How VoIP Technology Evolved
Growth on the internet made it possible for calls to be made between phones, IP phones, and computers. People no longer had to restrict themselves to communicating via IP PBX equipment. The resultant system was based in the cloud and was carried by an independent provider. As an application, it offered multiple communication channels such as instant messaging, data sharing, and video chatting. All these from any location with an internet-connected device.
With the VoIP system, companies were able to integrate communication with applications such as CRM systems. It not only made communication better but also provided endless opportunities for businesses. As an additional prove, you can check up the first-hand experience shared by the real customers at Nextiva reviews.
Benefits of PBX, IP PBX, and VoIP Technology
The convenience of PBX systems comes in the sense that the technology has been around for years and companies still have the required equipment. Companies don’t have to pay for the purchase and installation of new equipment.
Good Sound Quality:
Since they travel through landlines, the sound that comes from PBX systems is of the highest quality.
To use PBX systems, companies need their own equipment. Additionally, they have to engage a dedicated team of IT experts. Thus, they have full control of the software and hardware. No one restricts access.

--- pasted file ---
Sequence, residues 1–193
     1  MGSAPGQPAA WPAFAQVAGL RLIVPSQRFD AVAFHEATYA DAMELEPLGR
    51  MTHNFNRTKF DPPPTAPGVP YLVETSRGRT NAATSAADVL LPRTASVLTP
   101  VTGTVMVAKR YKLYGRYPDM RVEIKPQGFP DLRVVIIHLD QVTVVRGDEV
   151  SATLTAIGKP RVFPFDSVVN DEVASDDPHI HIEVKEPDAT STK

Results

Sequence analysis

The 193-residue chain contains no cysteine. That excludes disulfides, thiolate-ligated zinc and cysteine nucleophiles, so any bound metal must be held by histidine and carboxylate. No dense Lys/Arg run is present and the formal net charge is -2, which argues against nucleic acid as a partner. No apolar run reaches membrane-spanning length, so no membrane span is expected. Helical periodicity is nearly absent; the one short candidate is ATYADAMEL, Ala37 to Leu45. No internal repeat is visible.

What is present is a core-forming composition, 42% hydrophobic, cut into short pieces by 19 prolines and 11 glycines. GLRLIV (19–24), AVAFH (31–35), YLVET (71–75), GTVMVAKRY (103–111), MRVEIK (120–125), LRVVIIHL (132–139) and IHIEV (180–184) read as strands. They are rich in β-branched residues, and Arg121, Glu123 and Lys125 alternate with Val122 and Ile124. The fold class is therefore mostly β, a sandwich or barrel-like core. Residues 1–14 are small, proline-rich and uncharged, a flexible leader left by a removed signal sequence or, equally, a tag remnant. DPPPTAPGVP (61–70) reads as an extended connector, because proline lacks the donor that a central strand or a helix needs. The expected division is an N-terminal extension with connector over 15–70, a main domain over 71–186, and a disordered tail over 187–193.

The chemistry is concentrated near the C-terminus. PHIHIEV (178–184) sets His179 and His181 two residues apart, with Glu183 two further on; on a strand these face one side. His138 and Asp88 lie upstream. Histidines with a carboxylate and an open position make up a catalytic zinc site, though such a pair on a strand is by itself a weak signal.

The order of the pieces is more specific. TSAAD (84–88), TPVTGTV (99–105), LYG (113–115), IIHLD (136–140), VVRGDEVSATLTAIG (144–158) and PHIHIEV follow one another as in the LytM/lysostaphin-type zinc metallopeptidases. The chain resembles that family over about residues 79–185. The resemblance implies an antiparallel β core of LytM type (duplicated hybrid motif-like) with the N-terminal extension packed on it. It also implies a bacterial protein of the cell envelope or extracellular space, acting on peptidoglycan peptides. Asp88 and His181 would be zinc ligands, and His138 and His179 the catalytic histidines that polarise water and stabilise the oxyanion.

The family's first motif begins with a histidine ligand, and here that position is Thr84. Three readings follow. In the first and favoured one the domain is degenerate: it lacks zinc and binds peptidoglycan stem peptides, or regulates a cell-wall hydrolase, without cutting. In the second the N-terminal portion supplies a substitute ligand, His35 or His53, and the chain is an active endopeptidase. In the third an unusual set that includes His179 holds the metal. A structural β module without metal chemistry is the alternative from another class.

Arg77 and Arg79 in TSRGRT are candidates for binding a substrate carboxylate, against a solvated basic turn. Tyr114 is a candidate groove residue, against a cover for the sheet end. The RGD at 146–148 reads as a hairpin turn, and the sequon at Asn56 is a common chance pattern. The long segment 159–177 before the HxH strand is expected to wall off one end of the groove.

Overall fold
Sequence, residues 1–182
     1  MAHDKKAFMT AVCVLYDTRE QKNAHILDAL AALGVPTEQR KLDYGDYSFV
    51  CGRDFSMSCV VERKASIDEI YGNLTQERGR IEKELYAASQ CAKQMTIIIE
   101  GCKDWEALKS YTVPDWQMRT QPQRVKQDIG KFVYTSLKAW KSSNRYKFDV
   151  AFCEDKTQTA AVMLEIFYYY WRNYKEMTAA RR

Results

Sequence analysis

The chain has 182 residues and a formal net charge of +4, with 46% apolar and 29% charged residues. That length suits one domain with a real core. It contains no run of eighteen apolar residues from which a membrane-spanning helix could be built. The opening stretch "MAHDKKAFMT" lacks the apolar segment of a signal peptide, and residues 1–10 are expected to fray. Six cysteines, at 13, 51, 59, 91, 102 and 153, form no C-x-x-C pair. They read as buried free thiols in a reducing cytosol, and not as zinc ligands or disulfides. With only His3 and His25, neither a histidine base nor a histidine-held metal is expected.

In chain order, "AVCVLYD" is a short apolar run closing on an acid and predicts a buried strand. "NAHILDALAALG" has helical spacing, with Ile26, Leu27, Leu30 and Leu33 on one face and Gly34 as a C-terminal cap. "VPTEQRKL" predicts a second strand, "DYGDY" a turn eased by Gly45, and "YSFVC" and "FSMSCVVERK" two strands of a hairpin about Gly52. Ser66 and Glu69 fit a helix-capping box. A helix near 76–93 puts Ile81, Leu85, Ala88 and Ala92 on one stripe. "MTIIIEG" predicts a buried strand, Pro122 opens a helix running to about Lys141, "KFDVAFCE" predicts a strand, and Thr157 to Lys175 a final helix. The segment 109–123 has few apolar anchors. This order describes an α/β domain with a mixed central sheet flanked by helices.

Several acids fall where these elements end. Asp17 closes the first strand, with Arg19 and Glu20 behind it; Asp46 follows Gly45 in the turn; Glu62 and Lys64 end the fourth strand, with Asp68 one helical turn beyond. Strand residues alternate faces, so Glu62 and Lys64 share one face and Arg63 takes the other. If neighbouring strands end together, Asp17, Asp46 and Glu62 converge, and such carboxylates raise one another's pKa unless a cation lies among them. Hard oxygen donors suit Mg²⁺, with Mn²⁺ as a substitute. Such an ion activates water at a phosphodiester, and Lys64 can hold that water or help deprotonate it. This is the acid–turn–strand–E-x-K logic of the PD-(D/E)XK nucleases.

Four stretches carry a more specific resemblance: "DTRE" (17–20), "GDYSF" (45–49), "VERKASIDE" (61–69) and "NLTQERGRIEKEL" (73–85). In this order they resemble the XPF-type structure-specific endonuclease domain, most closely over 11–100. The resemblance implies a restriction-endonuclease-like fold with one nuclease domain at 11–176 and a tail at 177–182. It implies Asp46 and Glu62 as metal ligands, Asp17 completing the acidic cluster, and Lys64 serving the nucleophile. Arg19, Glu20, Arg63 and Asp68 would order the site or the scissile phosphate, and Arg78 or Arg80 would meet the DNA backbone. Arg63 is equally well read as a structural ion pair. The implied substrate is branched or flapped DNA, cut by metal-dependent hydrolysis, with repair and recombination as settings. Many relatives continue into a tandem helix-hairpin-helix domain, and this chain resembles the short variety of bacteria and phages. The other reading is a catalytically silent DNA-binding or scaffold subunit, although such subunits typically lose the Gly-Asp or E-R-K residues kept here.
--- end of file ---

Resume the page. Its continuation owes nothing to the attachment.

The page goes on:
Since they are connected through copper phone lines, PBX systems protect the company from losses due to internet failures and power outages. Even when power is out, phone lines still transmit the calls
What About IP BX?
Ease of Use:
You don’t need a lot of technical knowledge to use IP PBX systems. In fact, companies can do without IT departments and lots of training.
Compared to PBX systems, IP PBX is more affordable. It supports many users and requires no expensive upgrades and maintenance.
Since they are internet-based, IP PBX systems allow greater phone mobility. One can easily move a phone to a PC without issues.
One can have extensions from home and elsewhere so long as he or she has an internet connection.
Advantages of VoIP
It is less costly thanks to fewer required equipment and maintenance costs. Companies only pay fixed monthly subscriptions without unnecessary additional charges.
One can receive calls from virtually anywhere using a computer or cell phone. It is much easier to schedule communication.
Quick Recovery from Disasters:
Without internet connectivity, the calls can’t go through. However, the use of voice mail makes it easier to recover in an emergency.
Plenty of Features:
Integrates features such as call queues, call transfer, voicemail, call waiting, caller identification, interactive voice response, and conference calling.
Sound Quality: When VoIP systems are connected through the internet, the quality of the connection can limit the sound quality. With fiber optics, the problem is eliminated.
You see? PBX, IP PBX, and VoIP are different systems, and they all come with different benefits and advantages. So, depending on what your business needs, which one would you choose? Make an informed decision!